The terrorist attack on 17 August left an indelible mark on the city. The expressions of international solidarity that immediately began to reach us from all over the world confirmed that we were experiencing events with a global impact. The thirty-five different nationalities of the victims of La Rambla are an indication that the pain was spread throughout the world.
Last July we celebrated the 25th anniversary of the Olympic Games, a joyful event that also marked a turning point in the city’s history. Whereas the Games put us on the mental world map of so many people around the world and placed Barcelona among the most charismatic cities in Europe, a terrorist attack is a reaction against the values and freedom of that Olympic spirit, against a city that has never wanted to turn its back on the world or be submissive. A few weeks after the nostalgia (and self-criticism) of celebrating the Games, we became the object of terrorist violence alongside other European capitals such as Berlin, Madrid, Paris, London and Stockholm. This sea change will force us to face new challenges and problems.
The city demonstrated from the start that it was prepared to cope with an attack of this magnitude. The effectiveness of the security forces and the health care services saved lives, placing citizens at ease and allowing them to respond to the attack without hatred or fear. More important than the basic reactions that emerge in times of strife, this attack has brought to the surface Barcelona’s long legacy of pacifism and its spirit of resilience in the face of adversity.
We have talked at length about Barcelona’s resilience and pacifist tradition in recent issues of this magazine. Urban resilience does not consist solely of good protocols for dealing with natural disasters or guaranteeing the provision of services in the event of sabotage. It also demonstrates the efficiency and dedication of the professionals who guarantee the security of their fellow citizens in cases of extreme need. That is why the Barcelona City Council decided to award the Gold Medal for Civic Merit to the Guardia Urbana, the Centre for Social Emergencies, the Risk Prevention, Fire Extinction and Rescue Service, the Police of the Generalitat (Mossos d’Esquadra) and the Medical Emergencies System for their extraordinary performance on 17 August.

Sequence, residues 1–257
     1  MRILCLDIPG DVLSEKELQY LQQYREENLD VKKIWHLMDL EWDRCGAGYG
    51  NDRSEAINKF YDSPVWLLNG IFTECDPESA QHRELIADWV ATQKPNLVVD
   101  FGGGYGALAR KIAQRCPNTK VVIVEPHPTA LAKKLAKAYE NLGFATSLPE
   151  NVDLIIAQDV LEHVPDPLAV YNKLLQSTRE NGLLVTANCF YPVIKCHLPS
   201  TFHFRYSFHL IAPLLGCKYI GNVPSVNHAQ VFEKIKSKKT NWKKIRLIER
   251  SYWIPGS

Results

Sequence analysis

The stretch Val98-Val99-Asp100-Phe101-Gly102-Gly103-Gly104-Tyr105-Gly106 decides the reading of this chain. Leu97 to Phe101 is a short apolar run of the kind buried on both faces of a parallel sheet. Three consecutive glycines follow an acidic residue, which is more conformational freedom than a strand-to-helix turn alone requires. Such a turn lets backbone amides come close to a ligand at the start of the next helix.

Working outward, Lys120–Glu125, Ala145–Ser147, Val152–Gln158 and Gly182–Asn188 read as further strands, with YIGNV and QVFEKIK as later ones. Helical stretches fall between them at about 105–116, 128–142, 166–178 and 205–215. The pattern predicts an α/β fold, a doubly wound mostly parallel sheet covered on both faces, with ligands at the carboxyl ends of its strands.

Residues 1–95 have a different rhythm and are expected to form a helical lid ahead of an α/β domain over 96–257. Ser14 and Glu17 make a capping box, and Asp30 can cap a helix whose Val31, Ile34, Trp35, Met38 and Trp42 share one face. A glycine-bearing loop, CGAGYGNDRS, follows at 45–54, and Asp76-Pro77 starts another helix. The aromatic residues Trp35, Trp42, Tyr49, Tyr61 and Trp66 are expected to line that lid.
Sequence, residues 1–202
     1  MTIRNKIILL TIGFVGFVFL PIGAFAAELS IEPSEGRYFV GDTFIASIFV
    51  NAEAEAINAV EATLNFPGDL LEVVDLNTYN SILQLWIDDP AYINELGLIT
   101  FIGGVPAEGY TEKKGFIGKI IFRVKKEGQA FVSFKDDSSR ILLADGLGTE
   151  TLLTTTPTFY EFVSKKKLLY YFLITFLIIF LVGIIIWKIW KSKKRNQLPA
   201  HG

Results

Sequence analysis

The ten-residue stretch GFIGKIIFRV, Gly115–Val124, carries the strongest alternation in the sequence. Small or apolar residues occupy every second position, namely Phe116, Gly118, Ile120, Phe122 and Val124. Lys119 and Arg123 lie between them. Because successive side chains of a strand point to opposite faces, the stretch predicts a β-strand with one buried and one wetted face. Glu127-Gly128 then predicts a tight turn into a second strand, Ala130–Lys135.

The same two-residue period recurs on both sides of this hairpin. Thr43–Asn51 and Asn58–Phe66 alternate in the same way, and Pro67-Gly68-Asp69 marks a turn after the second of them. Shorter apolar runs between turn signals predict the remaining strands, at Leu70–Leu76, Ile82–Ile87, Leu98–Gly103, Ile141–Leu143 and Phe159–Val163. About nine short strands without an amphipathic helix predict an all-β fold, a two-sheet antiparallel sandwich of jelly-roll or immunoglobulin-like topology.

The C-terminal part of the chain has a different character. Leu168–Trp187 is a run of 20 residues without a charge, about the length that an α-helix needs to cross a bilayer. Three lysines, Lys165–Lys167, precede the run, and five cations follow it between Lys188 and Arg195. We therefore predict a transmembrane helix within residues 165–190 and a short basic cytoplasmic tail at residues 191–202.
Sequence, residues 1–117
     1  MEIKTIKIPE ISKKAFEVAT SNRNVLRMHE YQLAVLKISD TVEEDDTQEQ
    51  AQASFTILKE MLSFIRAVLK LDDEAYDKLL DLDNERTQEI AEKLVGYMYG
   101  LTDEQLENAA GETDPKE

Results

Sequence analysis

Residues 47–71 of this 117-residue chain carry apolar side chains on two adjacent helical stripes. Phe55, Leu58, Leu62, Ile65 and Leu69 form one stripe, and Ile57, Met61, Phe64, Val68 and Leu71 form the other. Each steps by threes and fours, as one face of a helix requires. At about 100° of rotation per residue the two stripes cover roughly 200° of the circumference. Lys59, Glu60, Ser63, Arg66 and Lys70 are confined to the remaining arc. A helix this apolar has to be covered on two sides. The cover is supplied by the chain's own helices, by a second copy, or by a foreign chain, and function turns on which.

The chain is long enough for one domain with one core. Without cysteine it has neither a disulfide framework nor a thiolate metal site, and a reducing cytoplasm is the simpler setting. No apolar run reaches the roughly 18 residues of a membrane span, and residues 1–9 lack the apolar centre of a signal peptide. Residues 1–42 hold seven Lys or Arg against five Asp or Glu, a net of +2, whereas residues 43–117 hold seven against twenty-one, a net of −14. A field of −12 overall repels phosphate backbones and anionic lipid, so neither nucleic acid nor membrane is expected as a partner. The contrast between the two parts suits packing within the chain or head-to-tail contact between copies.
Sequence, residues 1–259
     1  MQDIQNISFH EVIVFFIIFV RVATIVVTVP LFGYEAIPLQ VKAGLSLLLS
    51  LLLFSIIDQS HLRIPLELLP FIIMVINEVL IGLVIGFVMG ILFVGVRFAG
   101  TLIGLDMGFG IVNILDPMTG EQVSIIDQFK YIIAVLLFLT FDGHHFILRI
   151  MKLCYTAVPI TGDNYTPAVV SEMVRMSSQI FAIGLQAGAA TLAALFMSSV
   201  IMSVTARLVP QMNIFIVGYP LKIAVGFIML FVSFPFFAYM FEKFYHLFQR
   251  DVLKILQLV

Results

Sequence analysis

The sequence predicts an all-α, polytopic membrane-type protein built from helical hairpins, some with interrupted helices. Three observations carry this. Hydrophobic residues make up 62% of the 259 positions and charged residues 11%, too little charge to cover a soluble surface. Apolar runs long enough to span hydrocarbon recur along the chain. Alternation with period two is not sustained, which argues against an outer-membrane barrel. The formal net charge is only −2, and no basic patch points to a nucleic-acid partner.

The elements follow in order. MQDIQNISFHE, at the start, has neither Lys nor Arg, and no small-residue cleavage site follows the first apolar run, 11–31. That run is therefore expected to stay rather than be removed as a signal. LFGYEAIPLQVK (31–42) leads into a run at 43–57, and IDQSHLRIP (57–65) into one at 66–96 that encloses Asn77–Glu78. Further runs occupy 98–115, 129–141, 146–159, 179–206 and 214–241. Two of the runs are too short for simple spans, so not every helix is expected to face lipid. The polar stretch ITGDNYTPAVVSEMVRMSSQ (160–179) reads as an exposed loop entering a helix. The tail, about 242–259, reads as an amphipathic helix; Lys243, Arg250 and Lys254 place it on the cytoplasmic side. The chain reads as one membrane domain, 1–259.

The resilience of Barcelona has also been evident in the solidarity of shopkeepers, neighbours and the general public in the period immediately after the tragedy. We must celebrate their response, in which they left aside any divisions and maintained their shared values with aplomb and assertiveness.
Making partisan use of a tragedy such as this, through an abusive interpretations of facts that are solely the responsibility of the terrorists, shows a lack of respect for the victims. Any perverse attempt to take political advantage of such an infamous act is equivalent to giving victory to the terrorists, who only seek to divide society and to open wounds wherever there is a climate of peaceful and democratic coexistence.
We are not afraid, but we cannot ignore the wound that the attack on 17 August left in the city, and very noticeably in La Rambla, a boulevard that, now more than ever, must be recovered for the citizens who felt expelled from it. The reform of La Rambla has taken on a new meaning after the attack. It is no longer just a matter of developing an emblematic part of Barcelona that had been taken over by tourists. This urban fabric, which had fallen into the hands of speculation, now needs to be regenerated. We must return a public space to the local citizens who claim the right to live in their city.